With the foundations for a global tax deal finally laid down by the G7, officials are limbering up for a clash over exemptions and other carve-outs for specific industries and special economic zones, with China at the centre.
The Group of Seven wealthy, industrialised state made an agreement on June 5 to support a minimum corporate tax rate of at least 15% and how to share rights to tax the biggest companies that are in operation across borders in their countries.
But the official communique from G7 finance ministers did not mention whether exceptions and exemptions should be made in broader talks underway, leaving a critical question hanging.
“If you want to enforce minimum taxation, you could take view that no carve-outs should be made because you should impose the minimum tax. But that is not realistic,” University of Lausanne Law Professor Robert Danon said.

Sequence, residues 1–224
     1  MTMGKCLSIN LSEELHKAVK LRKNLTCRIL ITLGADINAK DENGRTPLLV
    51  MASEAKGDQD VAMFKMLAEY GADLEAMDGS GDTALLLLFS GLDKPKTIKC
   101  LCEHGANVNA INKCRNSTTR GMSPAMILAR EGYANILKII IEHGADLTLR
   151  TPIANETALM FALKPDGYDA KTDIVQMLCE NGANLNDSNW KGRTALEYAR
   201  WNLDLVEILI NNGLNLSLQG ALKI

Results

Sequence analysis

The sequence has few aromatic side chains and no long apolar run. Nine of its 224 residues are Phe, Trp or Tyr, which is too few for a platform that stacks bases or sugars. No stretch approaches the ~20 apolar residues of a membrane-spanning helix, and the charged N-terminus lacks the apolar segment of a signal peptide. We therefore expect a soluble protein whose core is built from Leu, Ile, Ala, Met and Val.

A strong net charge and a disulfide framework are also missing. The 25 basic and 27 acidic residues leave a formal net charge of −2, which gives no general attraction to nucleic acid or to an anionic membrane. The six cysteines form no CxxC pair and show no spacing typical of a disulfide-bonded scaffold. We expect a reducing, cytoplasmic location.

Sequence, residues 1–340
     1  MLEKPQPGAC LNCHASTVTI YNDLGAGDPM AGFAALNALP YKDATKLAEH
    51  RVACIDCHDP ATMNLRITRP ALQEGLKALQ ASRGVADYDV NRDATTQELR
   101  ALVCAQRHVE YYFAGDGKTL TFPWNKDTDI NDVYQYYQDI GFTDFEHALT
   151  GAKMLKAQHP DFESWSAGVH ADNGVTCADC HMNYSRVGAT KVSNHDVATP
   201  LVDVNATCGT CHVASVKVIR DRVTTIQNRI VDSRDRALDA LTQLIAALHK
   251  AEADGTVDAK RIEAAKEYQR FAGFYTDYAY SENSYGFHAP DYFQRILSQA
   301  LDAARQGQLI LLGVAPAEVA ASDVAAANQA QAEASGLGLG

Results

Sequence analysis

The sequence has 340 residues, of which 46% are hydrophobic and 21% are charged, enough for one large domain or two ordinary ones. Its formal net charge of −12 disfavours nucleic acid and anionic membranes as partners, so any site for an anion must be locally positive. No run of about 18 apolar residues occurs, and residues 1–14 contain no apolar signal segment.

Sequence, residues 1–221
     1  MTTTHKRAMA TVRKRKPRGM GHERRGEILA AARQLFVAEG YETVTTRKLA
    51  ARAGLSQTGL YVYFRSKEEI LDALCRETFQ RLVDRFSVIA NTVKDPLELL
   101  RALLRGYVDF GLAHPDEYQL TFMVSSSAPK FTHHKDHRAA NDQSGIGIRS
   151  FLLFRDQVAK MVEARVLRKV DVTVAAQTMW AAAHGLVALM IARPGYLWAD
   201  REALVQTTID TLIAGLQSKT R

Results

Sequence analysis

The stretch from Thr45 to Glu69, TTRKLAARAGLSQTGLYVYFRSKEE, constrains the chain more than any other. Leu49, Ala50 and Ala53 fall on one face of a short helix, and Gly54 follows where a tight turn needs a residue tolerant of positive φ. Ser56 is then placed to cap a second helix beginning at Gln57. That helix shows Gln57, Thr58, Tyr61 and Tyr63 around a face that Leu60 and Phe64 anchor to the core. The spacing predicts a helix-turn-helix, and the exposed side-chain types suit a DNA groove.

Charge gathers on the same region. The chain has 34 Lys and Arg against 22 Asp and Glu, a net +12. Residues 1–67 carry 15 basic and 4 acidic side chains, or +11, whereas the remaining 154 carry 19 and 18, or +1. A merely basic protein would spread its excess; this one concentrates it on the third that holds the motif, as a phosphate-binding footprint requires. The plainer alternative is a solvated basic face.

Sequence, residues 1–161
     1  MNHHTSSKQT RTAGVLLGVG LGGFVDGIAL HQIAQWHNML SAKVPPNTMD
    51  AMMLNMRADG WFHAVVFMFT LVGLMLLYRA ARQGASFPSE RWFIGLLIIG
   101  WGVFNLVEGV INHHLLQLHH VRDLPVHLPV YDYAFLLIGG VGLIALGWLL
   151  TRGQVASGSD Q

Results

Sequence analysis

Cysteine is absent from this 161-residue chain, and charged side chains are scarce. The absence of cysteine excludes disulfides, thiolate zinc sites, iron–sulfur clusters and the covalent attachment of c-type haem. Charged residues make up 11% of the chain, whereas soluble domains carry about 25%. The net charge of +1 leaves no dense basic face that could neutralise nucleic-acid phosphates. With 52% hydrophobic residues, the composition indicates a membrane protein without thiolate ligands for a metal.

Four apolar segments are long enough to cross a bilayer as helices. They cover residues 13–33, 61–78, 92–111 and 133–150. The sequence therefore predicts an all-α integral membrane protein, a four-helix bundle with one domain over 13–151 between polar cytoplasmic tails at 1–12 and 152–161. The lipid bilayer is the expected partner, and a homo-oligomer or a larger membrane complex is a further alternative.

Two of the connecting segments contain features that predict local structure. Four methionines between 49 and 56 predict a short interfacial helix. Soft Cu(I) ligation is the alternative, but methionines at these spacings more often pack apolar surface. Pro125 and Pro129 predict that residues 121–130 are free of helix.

Countries have long used tax incentives to advance policy priorities ranging from boosting research and development to attracting foreign investment.
Some are now reluctant to give up those tools, as well as China, which for decades has used special economic zones with low taxation to attract foreign investment, which has been central to its economic development.
One official briefed on talks said that Beijing had “legitimate concerns” about such zones, but China also offers attractive tax rates to its technology firms, some of which like Alibaba and Tencent (0700.HK) are incorporated in the Cayman Islands, where there is no corporate tax.
Another official told Reuters that China wasn’t in agreement the 15% agreed by the G7 and winning carve-outs would be its condition for getting behind the rate.
So far, other G20 emerging market countries are rallying behind the G7 with the finance ministers of South Africa, Mexico and Indonesia backing the deal in a Washington Post op-ed.
“I’m confident that at the end we will also reach a deal with China. Because, as always in such international negotiations, it will be a give and take,” one negotiator said.
So far Beijing has kept its cards close, with the foreign ministry saying that the G20 finance ministers should accommodate the concerns of all sides.